The pop singer who rose to international acclaim in the 1950s and 60s has decided to unveil all of her life’s dirty secrets in a memoir titled “Among My Souvenirs: The Real Story.”
The songstress, who released an incredible number of hit numbers such as “Where the Boys Are”, “You, My Darling You”, and “Stupid Cupid” outlines the tragic path of her music career in a new tell-all.
Her initial recording career was troubled from the get-go, with several false starts before she was taken seriously as an artist. She put out many singles in the mid-50s that were actually quite popular, but unfortunately didn’t seem to be able to keep the spark alive.
Her father, who was her manager for most of her career, kept pressuring her to try and find the next show-stopper single, and it was at his insistence that the widely popular hit “Who’s Sorry Now?” brought her back into the spotlight.
However, despite his ability to keep her in the limelight, he was not the best father figure to her and led a life of shady dealings. Connie may have had the voice of an angel, but her connections to a vast criminal underworld would eventually lead to terrible tragedies throughout her life.
She details how she grew up in an Italian-American neighborhood in New Jersey, where her family and community were tied closely to the mafia that was active during this time period. Her father had connections to the mob enterprise (that included Joe Kennedy Sr.’s inner circle), but also knew his daughter had a gift and encouraged her to actively pursue talent competitions.
In her latest book, Connie wants to clear the air with everything she has gone through in her whirlwind life, and that meant stepping on a few toes.
When she was already 24, Connie got her first chart success for a duet with Marvin Rainwater, which peaked at number 93 on Billboard’s Hot 100. In the following years, she would quickly find herself launched into a lavish lifestyle, and all the scandal that came with it.
From here on out, her world would be home to celebrities, mobsters, heartbreak, but also, triumph.
Her ability to record some of the most well-known songs so beautifully meant that she hit stardom in a time where status was everything.
She writes that “There wasn’t a restaurant, lounge or showroom in any major hotel where I could pick up a tab. No matter how many people were in my party, it was always front row center seats at a show, and everything was on the house.”
Her success brought her to Las Vegas, the center of the universe in the celebrity world, where she received endless praise from everyone she met. But it was a minefield to navigate, even with all her connections.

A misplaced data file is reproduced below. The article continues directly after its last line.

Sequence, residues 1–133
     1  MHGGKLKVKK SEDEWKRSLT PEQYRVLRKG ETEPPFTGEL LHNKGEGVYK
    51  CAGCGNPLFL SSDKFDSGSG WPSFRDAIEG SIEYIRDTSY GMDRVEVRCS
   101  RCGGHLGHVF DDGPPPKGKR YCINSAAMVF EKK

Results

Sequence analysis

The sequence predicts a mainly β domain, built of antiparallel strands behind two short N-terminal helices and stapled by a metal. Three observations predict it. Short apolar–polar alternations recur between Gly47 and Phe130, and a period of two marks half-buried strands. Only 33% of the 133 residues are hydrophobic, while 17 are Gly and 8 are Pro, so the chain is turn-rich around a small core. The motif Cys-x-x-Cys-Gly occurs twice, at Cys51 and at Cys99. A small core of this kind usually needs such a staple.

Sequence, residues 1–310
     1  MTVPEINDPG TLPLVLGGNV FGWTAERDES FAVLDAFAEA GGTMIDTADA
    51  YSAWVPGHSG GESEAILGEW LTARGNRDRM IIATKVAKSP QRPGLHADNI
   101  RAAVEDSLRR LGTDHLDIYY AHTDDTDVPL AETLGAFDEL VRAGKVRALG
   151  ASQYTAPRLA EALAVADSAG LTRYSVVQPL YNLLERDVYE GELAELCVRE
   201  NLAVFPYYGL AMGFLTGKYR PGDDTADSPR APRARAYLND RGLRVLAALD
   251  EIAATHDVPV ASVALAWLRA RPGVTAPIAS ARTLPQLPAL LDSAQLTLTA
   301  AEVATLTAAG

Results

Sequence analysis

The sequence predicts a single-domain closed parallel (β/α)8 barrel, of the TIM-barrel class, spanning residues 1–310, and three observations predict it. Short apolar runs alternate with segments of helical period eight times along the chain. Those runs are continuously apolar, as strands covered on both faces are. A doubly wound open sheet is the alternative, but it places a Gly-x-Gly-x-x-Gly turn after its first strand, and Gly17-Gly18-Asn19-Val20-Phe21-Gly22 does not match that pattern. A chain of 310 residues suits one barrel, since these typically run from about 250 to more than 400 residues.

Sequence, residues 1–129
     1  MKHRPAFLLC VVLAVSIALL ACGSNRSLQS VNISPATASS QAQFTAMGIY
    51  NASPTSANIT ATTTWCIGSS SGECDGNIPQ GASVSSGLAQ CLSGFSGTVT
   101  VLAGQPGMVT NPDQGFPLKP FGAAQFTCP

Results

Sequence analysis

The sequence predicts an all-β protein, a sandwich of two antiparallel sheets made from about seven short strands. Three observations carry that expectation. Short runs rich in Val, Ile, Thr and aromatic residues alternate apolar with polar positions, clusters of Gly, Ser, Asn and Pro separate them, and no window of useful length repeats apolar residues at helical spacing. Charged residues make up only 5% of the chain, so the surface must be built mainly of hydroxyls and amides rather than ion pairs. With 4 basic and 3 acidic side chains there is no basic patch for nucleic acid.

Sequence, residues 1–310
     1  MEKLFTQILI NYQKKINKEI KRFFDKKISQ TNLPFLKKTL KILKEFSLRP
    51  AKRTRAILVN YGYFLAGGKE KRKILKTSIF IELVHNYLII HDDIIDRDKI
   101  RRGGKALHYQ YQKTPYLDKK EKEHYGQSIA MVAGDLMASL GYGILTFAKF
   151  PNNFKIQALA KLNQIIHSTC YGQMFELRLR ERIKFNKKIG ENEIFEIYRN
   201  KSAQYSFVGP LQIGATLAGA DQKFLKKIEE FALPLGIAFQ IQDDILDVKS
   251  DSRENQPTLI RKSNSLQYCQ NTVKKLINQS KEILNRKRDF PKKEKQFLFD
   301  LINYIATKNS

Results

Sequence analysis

Connie’s good friend, the comedian Don Rickles, once drew the ire of a mobster after insulting his girlfriend at a club. The wise guy ordered his cronies to find Rickles and break his legs, until Connie stepped in and had the problem sorted out.
After getting used to her widespread popularity, Connie became more suited to her diva persona. She describes how she once kept Frank Sinatra waiting for 30 minutes while she gambled. When he found out she had won “thirty-five” he announced to his whole gang how she had made off with “thirty-five large!” until she discreetly let him know it was actually just $35.
But her ties to the mafia would eventually catch up to Connie, and she would lose two of the most important people in her life because of their dealings.
In 1981, it became apparent that her brother, George, had been slipping information to the cops. Unfortunately for him, he wasn’t as secretive as he had thought. He was found shot to death outside the family home in New Jersey. Strangely enough, this didn’t ostracize Connie from the mob.
Another connection she would never get back is that of her soulmate, singer-songwriter Bobby Darin. She describes him as the love of her life, even after finding him in a hotel room with two hookers one night.
But her father used his connections to make sure nothing ever came of it.
“‘That is the one thing I will never let go of,’ she says. ‘If it hadn’t been for my over protective father who forbid me to be with Bobby, I would have married him.'”
Her father was always a point of contention in her life. She remembers how he called her “damaged goods” after she was raped at knife point following a show.
He was eventually killed by the mob like his son was after he passed information to law enforcement officers. Connie says she finds it hard to reconcile her love/hate relationship with the man who caused her so much happiness and grief.
“‘I can never forgive him for controlling my life and my loves, and for putting me in more than one mental institution after I was misdiagnosed as bi-polar,’ she says. ‘But I have to admit he was the architect of my brilliant career and for that I love him.'”
At 80-years-old, Connie still performs to this day, and believes in doing what she can to help others while she still can.
“‘I don’t plan to waste another day,’ she says. ‘I want to spend the rest of my life helping Veterans, the mentally ill and crime victims.'”